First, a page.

Arriving by truck will be thousands of prefabricated 26-foot-long modules in various configurations—bathrooms, utility closets, and banks of offices complete with carpets and window treatments, say three of those who spoke with Bloomberg Businessweek about the project. Because the work is done in factories designed specifically for the purpose, the approach can yield far more precise construction and fewer hours of on-site labor—and potential savings on local union rates. It’s also faster. Apple hopes to complete construction in two years vs. the three to five it could take using conventional methods.
Apple hasn’t announced any major changes to Jobs’s vision, so some of the sought-after $1 billion savings will likely come by rolling back his sky-high requirements for fit and finish. Rather than cement floors, Jobs wanted to use a stone-infused alternative such as terrazzo, buffed to a sheen normally reserved for museums and high-end residences. Jobs insisted that the tiny gaps where walls and other surfaces come together be no more than 1/32 of an inch across, vs. the typical ⅛ inch in most U.S. construction. Rather than a lightweight, sound-absorbing acoustical tile, Jobs even wanted the ceilings to be polished concrete. Contractors would typically erect molds with crude scaffolds to pour the cement in place, but that leaves unsightly ruts where the scaffolding puts extra pressure on the surfaces. According to two people who’ve seen the plans, Apple will instead cast the ceilings in molds on the floor and lift them into place, a far more expensive approach that left one person involved in the project speechless.
On a recent visit to the site, a hint of the grand future blended in with the practical and unglamorous present. Apple has vacated some buildings in one corner of the property, but the parking lot is nearly full outside the offices of Apple’s facilities staff. A large square structure looms up from behind the building, obscured by a 30-foot fence that’s covered with white tarps. A peek through the fence reveals what appears to be a life-size mock-up of the entrance to the future headquarters, complete with floor-to-ceiling glass and a huge banner hanging from the ceiling with a photo of an iPhone, like the ones that hang in the lobby of Infinite Loop. It’s clean, minimalist, and stunning—a four-story iPad.
Wyatt, the NBBJ partners, met with Jobs to talk about various projects over the years. “I can imagine Jobs going through some of Foster’s buildings and thinking, ‘This is what architecture should be,’ ” says Wyatt, the NBBJ partner. “This isn’t a bad thing, but they’re an architect’s architect, not a customer’s architect.” (Foster + Partners is the lead architect for Bloomberg Place, the London offices of Bloomberg LP, which owns this magazine.) The firm declined to comment for this article.
Foster + Partners has designed several of the most demanding and technically innovative buildings in the world. Foster made his name with the Hong Kong and Shanghai Banking (now HSBC) headquarters, completed in 1985. Built quickly with then-novel prefabrication and structural engineering techniques (reflected in the tubular columns and elaborate trusswork of the tower’s exterior), the skyscraper cost $1.3 billion—in 1985 dollars, making it the world’s most expensive tall office building at the time.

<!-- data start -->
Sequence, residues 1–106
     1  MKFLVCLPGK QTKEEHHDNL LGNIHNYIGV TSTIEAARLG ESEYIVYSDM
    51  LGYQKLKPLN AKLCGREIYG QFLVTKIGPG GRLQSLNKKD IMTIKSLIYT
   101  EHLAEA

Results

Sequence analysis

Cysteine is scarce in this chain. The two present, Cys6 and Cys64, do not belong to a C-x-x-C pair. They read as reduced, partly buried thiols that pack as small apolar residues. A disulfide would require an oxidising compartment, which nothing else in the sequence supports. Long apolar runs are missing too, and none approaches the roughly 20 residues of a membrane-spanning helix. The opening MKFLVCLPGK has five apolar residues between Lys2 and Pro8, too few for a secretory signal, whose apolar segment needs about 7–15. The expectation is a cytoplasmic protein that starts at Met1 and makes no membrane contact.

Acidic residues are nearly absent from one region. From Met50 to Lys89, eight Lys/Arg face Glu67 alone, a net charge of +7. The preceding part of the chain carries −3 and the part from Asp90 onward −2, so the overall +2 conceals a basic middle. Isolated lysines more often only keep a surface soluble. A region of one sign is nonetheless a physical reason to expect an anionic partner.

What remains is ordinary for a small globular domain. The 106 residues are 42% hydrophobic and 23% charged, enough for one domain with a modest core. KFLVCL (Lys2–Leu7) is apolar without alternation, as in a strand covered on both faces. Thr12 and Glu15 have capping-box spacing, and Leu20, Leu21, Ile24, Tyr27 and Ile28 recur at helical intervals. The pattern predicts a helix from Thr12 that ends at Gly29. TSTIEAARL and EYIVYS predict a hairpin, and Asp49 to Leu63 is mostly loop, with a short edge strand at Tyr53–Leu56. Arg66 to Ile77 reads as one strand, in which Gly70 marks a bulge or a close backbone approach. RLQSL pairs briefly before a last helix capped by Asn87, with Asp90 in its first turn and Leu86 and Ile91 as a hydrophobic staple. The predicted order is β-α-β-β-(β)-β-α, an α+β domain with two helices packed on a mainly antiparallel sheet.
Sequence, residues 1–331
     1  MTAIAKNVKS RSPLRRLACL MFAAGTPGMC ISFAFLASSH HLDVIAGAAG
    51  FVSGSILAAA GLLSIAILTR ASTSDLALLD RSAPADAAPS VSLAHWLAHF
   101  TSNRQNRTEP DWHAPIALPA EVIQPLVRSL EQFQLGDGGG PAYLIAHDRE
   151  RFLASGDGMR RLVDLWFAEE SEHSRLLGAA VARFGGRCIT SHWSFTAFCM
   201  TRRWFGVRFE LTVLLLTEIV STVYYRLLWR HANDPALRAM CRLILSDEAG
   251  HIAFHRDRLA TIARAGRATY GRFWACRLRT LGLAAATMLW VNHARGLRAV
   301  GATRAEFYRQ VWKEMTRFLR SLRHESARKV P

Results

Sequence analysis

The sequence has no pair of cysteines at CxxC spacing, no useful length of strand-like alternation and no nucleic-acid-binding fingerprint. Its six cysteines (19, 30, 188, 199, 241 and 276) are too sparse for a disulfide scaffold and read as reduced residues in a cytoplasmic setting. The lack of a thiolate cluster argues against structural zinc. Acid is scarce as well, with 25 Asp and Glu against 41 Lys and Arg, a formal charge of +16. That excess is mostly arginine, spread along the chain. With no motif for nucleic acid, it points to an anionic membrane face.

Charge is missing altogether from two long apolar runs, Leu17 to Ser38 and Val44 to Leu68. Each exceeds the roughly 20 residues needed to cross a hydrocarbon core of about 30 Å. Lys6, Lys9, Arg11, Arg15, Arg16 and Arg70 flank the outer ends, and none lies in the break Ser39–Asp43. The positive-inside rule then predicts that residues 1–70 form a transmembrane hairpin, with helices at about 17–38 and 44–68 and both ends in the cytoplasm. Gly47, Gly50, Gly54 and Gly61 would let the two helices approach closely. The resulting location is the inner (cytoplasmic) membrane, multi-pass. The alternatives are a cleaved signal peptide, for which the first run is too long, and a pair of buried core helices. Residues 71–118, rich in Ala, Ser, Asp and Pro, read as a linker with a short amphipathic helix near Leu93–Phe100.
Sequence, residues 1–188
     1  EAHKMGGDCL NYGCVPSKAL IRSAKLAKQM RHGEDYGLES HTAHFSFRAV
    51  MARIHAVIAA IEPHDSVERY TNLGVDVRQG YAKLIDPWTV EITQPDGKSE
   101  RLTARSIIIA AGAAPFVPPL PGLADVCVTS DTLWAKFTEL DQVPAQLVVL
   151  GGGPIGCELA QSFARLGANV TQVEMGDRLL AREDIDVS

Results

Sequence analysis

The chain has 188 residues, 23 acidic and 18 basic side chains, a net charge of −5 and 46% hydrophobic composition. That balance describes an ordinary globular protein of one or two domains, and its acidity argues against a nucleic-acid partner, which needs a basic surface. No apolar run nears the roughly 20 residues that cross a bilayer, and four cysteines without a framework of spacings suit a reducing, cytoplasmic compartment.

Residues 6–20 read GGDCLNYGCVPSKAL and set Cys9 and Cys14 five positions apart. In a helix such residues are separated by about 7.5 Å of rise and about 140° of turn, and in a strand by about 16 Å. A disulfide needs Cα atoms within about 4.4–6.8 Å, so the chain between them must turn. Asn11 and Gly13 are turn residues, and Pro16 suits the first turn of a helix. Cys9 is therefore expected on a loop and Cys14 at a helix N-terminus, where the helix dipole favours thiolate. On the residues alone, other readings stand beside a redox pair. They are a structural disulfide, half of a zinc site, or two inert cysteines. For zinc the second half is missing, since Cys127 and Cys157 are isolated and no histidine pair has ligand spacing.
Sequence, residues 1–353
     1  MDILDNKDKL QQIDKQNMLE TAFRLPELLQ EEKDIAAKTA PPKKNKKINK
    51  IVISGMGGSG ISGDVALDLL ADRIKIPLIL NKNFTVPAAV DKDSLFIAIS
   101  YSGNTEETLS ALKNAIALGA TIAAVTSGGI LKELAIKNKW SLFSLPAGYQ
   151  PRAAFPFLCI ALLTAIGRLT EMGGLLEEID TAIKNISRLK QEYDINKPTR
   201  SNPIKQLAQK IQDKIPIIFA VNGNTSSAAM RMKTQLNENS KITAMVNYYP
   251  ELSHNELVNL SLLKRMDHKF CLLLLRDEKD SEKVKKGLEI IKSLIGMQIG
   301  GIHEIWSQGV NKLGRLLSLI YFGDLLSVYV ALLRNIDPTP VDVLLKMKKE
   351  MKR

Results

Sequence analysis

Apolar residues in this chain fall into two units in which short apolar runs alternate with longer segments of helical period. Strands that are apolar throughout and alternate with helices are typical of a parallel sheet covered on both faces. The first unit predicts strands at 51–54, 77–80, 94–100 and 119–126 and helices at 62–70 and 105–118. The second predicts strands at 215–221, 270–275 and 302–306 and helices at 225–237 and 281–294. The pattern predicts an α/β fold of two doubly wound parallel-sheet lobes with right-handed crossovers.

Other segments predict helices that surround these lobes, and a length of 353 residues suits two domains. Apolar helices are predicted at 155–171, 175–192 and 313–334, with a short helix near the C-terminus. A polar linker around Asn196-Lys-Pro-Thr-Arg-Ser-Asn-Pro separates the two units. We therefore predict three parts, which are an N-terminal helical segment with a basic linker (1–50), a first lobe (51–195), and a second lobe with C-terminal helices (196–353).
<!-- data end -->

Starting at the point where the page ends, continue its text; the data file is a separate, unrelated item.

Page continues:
Since then, Foster has emerged as the U.K.’s best-known architect. The kinds of projects he chooses these days, such as new airports in Hong Kong and Beijing, are rarely budget-driven, and the clients seem only too glad to spend on them. The 1997 Commerzbank headquarters in Frankfurt pioneered many energy-conserving techniques and featured multistory “sky” gardens. A delicate, costly, high-tech glass dome crowns Berlin’s Reichstag, the ruined home of the Bundestag, which Foster rehabilitated in 1999. Its design was controversial, though it has become a much-beloved symbol of progressive, unified Germany.
Jobs and Foster’s vision isn’t likely to run into any civic obstacles. Cupertino expects to have completed an environmental impact report by July, says city manager Dave Brandt, who doesn’t anticipate much in the way of community opposition. Apple won points by agreeing to transport Glendenning Barn, a historic landmark, to a more accessible site, and by investing in a public transit program to encourage more than a third of employees to get to work by a method other than car.
Apple may struggle to find subcontractors, though. There’s a building boom in Silicon Valley, with new hospitals, a new stadium for the San Francisco 49ers (who are finally leaving Candlestick Park and moving to Santa Clara), and offices for Samsung, as well as Facebook West and Google. With so much good business out there, some companies may hesitate to commit manpower to a project that’s running behind. Moreover, according to two of the people close to the project, Apple is offering a cost-plus contract that pays only half the percentage of profit of some large deals, leading some potential partners to wonder if Apple expects them to sign up more for the glamour of working on a marquee master plan than for the money.
If that were ever true—and no doubt, many an Apple supplier discovered it had fallen into Jobs’s reality distortion field—it’s far less likely in the Tim Cook era. Apple may have more money than Croesus, but without Jobs’s star power and maniacal control, it’s becoming more like other big, conventional companies. Ironically, that may be precisely why Jobs’s spaceship will one day land in Cupertino, regardless of cost. To backtrack now would be tantamount to admitting it.